Rosie DiManno: Blue Jays Ken Giles, who punched himself in the head last season, puts teammate in line â loudly
|Toronto Star 14 Mar 2019 at 17:54|
Blue Jays closer Ken Giles made like the Enola Gray of profanity bombardment before Thursdayâs game at Dunedin Stadium, dropping a load on teammate David Paulino. Who had it coming, frankly.
Ken Giles was held back a day after dealing with the flu, but he didnât hold back on teammate David Paulino over the latterâs effort in fielding drills.Â Â (Michael Reaves / GETTY IMAGES)
The tightly wound Giles, who famously punched himself in the head last season as he left the mound after a poor performance, was apparently annoyed that Paulino was dogging it during infield drills. Paulino seemed to have zero interest in covering first base in the exercise, like the rest of his pitching brethren.
To paraphrase: What the f---?!
To paraphrase: Do you, David, not want to play for the Jays in 2018? But punchier.
Manager Charlie Montoyo was standing not far distant when the episode unfolded. But said nothing. And Paulino, thereafter, seemed radioactive, given a wide berth by the rest of the squad as he came off the field.
If Montoyo was looking for evidence of a recast clubhouse coming together at spring training, this was actually it. Because the takeaway was not Paulino getting dressed down by a teammate but Giles making it clear that the work matters, that laggardness wonât be tolerated.
Funny thing, though. Giles had been scheduled to pitch at some point in this game against the visiting Yankees, yet he never appeared. Joe Biagini came out in the ninth instead. When reporters got to Gilesâ locker later, it was obvious he had already changed back into civvies and left. There was no Paulino sighting either.
Montoyo tried to downplay any potential fuss. âBelieve me, Iâve been around the game for a long time. That happens. I kind of like it, to tell you the truth. There was a disagreement and now theyâre fine. I talked to both of them and itâs all good.â
The skipper agreed that what he saw was Giles taking a leadership role arising from the incident, talking the walk so to speak. âThatâs what it looks like to me.â
Both Giles and Paulino came to Toronto in the trade last year that sent crack closer Roberto Osuna to Houston. So, theyâre not strangers to each other. And Paulino was â how to put this? â allegedly not popular within the Astros organization.
Montoyo said he had no wish to âget into itâ with the two moundsmen. âBecause it got resolved with the players. And thatâs great. I believe in the clubhouse takes care of itself and they did.â
Donât go reading anything into Gilesâ no-show on the pitching itinerary, Montoyo added.
âIt happened before that,â Montoyo added, of Gilesâ request. âIt has nothing to do with what happened there.â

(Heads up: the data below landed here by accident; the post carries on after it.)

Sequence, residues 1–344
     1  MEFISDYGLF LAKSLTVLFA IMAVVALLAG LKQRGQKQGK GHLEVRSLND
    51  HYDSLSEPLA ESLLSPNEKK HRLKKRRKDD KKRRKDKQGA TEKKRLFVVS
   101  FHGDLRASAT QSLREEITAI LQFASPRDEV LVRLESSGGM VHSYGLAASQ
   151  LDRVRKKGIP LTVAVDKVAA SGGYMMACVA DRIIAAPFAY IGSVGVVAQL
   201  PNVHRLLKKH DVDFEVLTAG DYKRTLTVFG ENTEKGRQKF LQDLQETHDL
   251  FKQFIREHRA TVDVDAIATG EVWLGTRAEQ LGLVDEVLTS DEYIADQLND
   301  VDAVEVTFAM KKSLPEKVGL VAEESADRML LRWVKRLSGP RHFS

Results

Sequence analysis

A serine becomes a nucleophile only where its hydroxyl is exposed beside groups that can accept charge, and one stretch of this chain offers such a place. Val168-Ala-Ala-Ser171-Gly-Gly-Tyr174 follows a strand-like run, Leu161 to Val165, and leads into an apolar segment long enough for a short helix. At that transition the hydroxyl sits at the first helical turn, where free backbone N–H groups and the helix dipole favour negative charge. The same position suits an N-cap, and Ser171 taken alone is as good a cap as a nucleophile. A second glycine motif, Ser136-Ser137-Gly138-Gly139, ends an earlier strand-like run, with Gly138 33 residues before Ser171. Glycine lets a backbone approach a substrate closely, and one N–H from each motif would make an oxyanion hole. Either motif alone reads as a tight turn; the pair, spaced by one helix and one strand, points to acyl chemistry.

The closer has been ailing with the flu recently. âHe needed it,â Montoyo said. âHe was sick. He didnât feel right today. Kind of behind a little bit (on his pitching schedule). So he felt like he needed another day to regroup.ââ
Much as weâd like to make a mountain out of a molehill, the dust seems to have already settled on this little drama. And, you know, one manâs F-bomb is another manâs heck.
Giles is now slotted to pitch on Friday in Clearwater against the Phillies.
In this game, which ended in a 1-1 draw, Matt Shoemaker, making his fourth appearance, gave up one run on four hits and struck out three through 51/3 innings.
âOverall, pretty close,â said the bearded right-hander of his spring training progression. âPhysically I felt great, just been working on some mechanical stuff, some timing. Itâs coming together.â
Montoyo has indicated that heâs leaning toward Shoemaker as his No. 2 in the starting rotation, between Marcus Stroman and Aaron Sanchez. Though he apparently hasnât yet shared that plan with Shoemaker. âNo, not at all,â said Shoemaker, who signed a one-year deal with the Jays in late December. âWeâve just been ... go out there, get ready for the season, and let the rest take care of itself.â
DRIBBLERS: Major League Baseball and the playersâ association on Thursday announced a whole slew of new rules â some not implemented until next season â affecting everything from the trade deadline, the all-star game, roster size and on-field strategy. Rather significantly all pitchers will have to pitch to a minimum of three batters or to the end of a half-inning. Which spells the end of the lefty relief specialist often summoned to get one batter out. Montoyo said he hadnât yet had time to study he changes. âIt was funny. I was talking to the umpires and they said, âWe donât know either.â Maybe they were kidding.: The manager didnât seem bothered by the impact of the minimum batters faced. âAs long as everybodyâs the same, Iâm fine with it. Iâm sure they thought about it long and hard, both sides.â âŚ Ex-Jays shortstop Troy Tulowitzki was booed relentlessly every time he came to the plate ... Right-hander Bud Norris will make his first spring appearance on Friday âŚ Right-hander Clay Buchholz, being cautiously brought along after his 2018 campaign was cut short by a strained flexor mass in his pitching elbow, will throw his first bullpen on Friday âŚ Vladimir Guerrero Jr., out with an oblique injury, has been sent to the minor-league camp to continue a three-week rehab stint.